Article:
Hunting and Permit FAQ

Elk

Elk Permit Application Process

When is the application period?

Answer: May 1-31

How much does it cost to apply for an elk hunting permit?

Answer: The cost to apply for a Resident Antlered Elk Hunting Permit is $10. Qualifying resident landowners that own at least 20 contiguous acres within the Landowner Elk Hunting Zone in Carter, Reynolds, and Shannon Counties can also apply for a Resident Landowner Antlered Elk Hunting Permit; there is no fee to apply for this permit.

How old do I have to be to apply to hunt elk in Missouri?

Answer: A hunter must be at least 11 years old by the first day of the elk hunt in order to apply. For example: An applicant was born on October 17, 2009. The first day of the elk season in 2020 is October 17. This person can apply to hunt elk in Missouri in 2020 because they will be at least 11 years old by the first day of the season. This person will also have to complete an approved hunter education course before they can purchase the permit. If that person was born on October 18, 2009 or later, they would not be eligible to apply to hunt elk in Missouri in 2020.

Will an Apprentice Hunter Authorization substitute for the hunter-education requirement for hunting elk?

Answer: No. In order to hunt elk in Missouri, you must have completed an approved hunter-education course or have been born before January 1, 1967.

Can nonresidents apply?

Answer: No. Only Missouri residents are able to apply for an elk hunting permit in Missouri.

When and where can I find out if my name was drawn?

Answer: Applicants can check to see if they have been selected for an elk-hunting permit online starting July 1 at mdc.mo.gov/buypermits after logging into “Manage Your Account” and selecting “View My Special Hunt History.”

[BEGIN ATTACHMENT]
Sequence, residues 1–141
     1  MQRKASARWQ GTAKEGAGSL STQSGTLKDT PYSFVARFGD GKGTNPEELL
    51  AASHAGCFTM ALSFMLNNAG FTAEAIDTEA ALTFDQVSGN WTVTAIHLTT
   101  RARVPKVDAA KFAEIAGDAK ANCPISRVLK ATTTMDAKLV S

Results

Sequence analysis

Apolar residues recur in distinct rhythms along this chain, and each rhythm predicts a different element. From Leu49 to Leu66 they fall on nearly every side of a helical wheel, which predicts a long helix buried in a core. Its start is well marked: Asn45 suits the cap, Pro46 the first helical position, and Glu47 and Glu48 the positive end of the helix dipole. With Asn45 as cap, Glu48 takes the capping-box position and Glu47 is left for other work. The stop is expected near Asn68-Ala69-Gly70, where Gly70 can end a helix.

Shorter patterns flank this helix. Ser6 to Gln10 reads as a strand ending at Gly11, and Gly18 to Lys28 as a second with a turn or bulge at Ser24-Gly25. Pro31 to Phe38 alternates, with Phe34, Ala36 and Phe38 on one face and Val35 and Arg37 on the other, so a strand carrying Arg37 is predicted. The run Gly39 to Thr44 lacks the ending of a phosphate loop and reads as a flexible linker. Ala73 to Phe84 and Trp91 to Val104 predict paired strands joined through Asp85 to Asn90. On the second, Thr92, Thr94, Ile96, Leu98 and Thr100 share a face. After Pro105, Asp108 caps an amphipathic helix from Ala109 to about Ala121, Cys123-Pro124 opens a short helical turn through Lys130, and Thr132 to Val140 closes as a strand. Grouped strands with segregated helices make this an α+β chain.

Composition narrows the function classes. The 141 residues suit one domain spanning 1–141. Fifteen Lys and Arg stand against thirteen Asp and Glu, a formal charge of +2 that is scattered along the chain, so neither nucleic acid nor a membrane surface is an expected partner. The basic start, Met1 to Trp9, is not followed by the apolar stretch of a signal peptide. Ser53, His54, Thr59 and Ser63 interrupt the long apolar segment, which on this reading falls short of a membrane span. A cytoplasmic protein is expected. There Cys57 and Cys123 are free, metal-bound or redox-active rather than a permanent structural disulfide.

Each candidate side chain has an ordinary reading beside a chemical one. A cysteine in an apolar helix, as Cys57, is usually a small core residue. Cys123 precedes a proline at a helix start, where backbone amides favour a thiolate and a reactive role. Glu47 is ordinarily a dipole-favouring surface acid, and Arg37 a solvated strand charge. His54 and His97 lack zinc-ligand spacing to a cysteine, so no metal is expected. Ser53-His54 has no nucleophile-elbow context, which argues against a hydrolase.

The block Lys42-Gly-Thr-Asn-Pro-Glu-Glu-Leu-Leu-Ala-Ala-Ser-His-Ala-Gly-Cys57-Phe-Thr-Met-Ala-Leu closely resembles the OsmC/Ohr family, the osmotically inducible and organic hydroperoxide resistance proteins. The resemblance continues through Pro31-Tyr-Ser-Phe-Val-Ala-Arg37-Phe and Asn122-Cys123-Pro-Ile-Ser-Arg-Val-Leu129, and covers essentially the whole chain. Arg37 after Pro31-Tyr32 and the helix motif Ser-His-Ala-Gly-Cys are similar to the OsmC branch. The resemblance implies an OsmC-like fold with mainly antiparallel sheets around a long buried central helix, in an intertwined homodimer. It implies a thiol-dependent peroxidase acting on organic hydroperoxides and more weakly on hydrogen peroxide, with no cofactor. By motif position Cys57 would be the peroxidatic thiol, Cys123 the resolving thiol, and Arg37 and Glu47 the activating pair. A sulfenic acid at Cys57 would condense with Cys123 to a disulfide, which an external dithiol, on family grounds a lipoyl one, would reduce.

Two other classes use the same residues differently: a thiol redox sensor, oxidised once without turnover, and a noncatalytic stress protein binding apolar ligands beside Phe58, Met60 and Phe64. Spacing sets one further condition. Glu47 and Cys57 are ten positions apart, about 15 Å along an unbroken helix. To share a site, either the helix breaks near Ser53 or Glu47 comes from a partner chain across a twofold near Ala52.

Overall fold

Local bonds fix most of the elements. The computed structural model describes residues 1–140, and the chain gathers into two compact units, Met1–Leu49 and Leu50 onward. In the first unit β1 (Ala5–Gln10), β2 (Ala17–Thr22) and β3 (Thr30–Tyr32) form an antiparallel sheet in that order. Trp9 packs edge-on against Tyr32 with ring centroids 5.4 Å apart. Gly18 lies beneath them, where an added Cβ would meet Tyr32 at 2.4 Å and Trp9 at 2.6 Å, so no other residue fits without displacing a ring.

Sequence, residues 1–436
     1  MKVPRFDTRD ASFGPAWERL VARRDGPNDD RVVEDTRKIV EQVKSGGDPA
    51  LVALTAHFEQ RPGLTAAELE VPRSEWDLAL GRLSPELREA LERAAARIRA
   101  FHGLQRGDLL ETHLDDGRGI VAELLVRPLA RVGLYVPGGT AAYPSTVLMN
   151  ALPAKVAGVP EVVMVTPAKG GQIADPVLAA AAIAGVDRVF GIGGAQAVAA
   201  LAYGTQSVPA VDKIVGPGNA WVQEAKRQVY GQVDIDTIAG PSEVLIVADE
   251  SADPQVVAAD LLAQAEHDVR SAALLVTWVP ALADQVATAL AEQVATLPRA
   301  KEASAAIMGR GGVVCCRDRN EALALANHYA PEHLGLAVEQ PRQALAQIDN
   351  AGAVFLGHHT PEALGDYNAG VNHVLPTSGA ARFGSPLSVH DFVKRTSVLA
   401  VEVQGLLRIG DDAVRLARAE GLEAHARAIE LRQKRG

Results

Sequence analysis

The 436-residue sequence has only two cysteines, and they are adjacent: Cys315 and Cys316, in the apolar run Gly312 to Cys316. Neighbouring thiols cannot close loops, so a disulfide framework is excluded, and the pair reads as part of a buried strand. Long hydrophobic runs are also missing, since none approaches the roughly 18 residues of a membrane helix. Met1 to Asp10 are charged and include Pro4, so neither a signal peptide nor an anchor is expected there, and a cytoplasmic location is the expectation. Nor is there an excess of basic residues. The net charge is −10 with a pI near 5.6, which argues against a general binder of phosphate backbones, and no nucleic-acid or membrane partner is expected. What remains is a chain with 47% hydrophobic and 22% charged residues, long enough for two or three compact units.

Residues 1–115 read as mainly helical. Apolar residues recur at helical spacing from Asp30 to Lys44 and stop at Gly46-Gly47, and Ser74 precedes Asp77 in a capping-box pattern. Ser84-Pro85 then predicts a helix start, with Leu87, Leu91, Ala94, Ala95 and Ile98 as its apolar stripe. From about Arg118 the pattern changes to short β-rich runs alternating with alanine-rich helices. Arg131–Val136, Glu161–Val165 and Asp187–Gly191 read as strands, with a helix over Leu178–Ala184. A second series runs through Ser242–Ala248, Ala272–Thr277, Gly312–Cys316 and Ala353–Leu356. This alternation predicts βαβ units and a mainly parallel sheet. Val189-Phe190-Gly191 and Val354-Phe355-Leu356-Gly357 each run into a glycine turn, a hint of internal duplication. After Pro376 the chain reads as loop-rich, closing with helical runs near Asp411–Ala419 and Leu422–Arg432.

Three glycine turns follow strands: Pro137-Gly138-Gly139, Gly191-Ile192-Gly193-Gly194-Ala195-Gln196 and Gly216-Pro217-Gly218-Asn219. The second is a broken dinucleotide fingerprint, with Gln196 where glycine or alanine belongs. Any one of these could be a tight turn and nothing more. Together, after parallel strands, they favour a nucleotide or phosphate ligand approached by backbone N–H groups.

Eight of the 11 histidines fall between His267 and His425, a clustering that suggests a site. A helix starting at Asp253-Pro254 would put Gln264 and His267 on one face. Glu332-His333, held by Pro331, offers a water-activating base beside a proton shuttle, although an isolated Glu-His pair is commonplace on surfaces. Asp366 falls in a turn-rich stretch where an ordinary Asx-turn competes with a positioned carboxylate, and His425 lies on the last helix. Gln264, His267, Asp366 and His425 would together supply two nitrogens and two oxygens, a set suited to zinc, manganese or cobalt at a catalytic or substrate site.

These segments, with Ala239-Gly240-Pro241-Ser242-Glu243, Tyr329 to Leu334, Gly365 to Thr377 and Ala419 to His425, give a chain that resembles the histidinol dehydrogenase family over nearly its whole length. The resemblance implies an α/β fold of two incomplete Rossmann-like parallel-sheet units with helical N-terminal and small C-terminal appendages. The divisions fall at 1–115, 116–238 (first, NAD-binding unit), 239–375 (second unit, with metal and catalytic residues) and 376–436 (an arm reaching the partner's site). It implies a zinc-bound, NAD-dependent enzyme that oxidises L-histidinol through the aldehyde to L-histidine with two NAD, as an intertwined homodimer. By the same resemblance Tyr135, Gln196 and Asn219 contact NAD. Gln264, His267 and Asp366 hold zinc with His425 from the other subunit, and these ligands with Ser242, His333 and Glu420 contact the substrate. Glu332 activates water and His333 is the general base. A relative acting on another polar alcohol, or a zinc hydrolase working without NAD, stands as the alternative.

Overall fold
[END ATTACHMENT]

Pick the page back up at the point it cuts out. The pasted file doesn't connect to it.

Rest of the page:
What type of draw is done to determine who will receive the permits and will preference points be used?

Answer: Permits will be awarded through a random drawing. There will be no preference points. All of the applicants for the Resident Antlered Elk Hunting Permit will have the same draw odds as will all of the applicants for the Resident Landowner Antlered Elk Hunting Permit.

If I apply for the elk hunt, can I still apply for a managed deer or turkey hunt in the same year?

Answer: Yes. You can apply for an elk permit and a managed deer or turkey hunt in the same year. You can only apply once for each species in a given year.

Elk Permits

How many elk hunting permits are going to be available this year?

Answer: Five antlered elk hunting permits are going to be available this year. Four of these permits will be awarded to qualifying residents and one to a qualifying resident landowner that owns at least 20 contiguous acres within the Landowner Elk Hunting Zone in Carter, Reynolds, and Shannon Counties.

Why do local landowners have a permit set aside for them?

Answer: Private landowners have significantly contributed to the restoration of elk in Missouri including by providing quality habitat that elk and other wildlife utilize.

Are any of the elk permits being designated specifically for youth hunters?

Answer: No. At this time due to the small number of permits being issued, everyone who applies is applying for the same permits. The one exception is for qualifying landowners who have at least 20 contiguous acres within the Landowner Elk Hunting Zone in Carter, Reynolds, or Shannon Counties where, for 2020, one (1) permit has been set aside for these landowner applicants.

How much are elk hunting permits going to cost?

Answer: For those selected to receive an elk permit, cost of the permit will be $50.

For those selected to receive an elk hunting permit, what elk can they harvest?

Answer: Hunters who are selected for a permit may take one elk with at least one antler no less than 6 inches in length.

Elk Hunting

Where will elk hunting be allowed?